Totally agreed on that one. - RepoRat
Yes, I wasn't meaning to challenge your assertion, Warmaiden, just an overall reality check on the fact that publishers can't sell what librarians aren't buying. - Steele Lawman
The whole percent of E&G is kind of silly anyway - we have seen happening this forever. It's not that libraries get less, necessarily, but that Increasing costs in student aid and increases in medical insurance for our institutions along with other new expenses take a bigger piece of the pie. That is not necessarily a sign that libraries have failed to demonstrate their value or that... more... - barbara fister
Well, and if we're looking for documentation that what we fund has been the serials crisis, there's always the Ithaka report... - Hedgehog
The gut reaction is "Why are you comparing library spending all the way back to 1982?" I would have guessed that the expenditures would be higher because it was a pre-digital delivery era; you were buying print, microfilm or microfiche and other things that need storage. I'd be more interested in the 1996 (the early internet days, as I reckon) and onward spending, specifically what... more... - Andy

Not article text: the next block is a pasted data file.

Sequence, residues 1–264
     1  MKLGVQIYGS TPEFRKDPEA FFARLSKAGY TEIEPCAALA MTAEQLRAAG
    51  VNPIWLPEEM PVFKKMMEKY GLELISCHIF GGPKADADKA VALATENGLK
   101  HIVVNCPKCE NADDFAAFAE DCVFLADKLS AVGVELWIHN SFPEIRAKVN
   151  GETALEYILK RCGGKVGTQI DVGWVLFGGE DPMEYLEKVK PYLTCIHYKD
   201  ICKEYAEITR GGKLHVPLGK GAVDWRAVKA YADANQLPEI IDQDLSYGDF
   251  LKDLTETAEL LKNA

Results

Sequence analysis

Or, buy the same number of horses, and they go up in price. What is an OA horse? - Joe
Working on a book chapter revision where I'm a second author. The most common criticisms the reviewers had for my sections were wordiness and being judgmental. I'll cop to the first--I was trained as a humanist. And I can always edit down. But I'm honestly puzzled as to how I should offer critique without making judgments.
We're just supposed to play nice and say nice things with everyone? Happy critiques only? - Hedgehog
Most people, I think, would not consider "critique" and "judgement" to be the same. Related, sure, but not the same. I'm not sure what is going on in your chapter, but perhaps your assessments are coming off as being critical of more than whatever it is your chapter is about (such as an institution, theorist, etc)? - Soup in a TARDIS
Of course I haven't read the ms. But to me, "judgemental" means passing judgement somewhat arbitrarily, either without enough evidence to back up the judgement, or in a case where judging things isn't really called for. It often has to do with judging something to be moral or amoral, so saying "Robert Downey Jr. isn't believeable to me as Sherlock Holmes because X Y and Z" is critical, while "I would never see a Robert Downey Jr. movie becuse the guy is a drug abuser" is judgemental. Hope that helps. - Steele Lawman
Hm, it has been more, "If you want to do X without Y, it is very hard." - Mark Kille
Is the fact that doing X without Y relevant to the chapter? Or is it an unneeded personal belief held by you? Some people view any kind of unneeded assessment or extra comment as judgmental. It's also okay to decide your reviewers are simply mistaken. If you don't think their criticism on this point is valid, then seriously consider dismissing it. - Soup in a TARDIS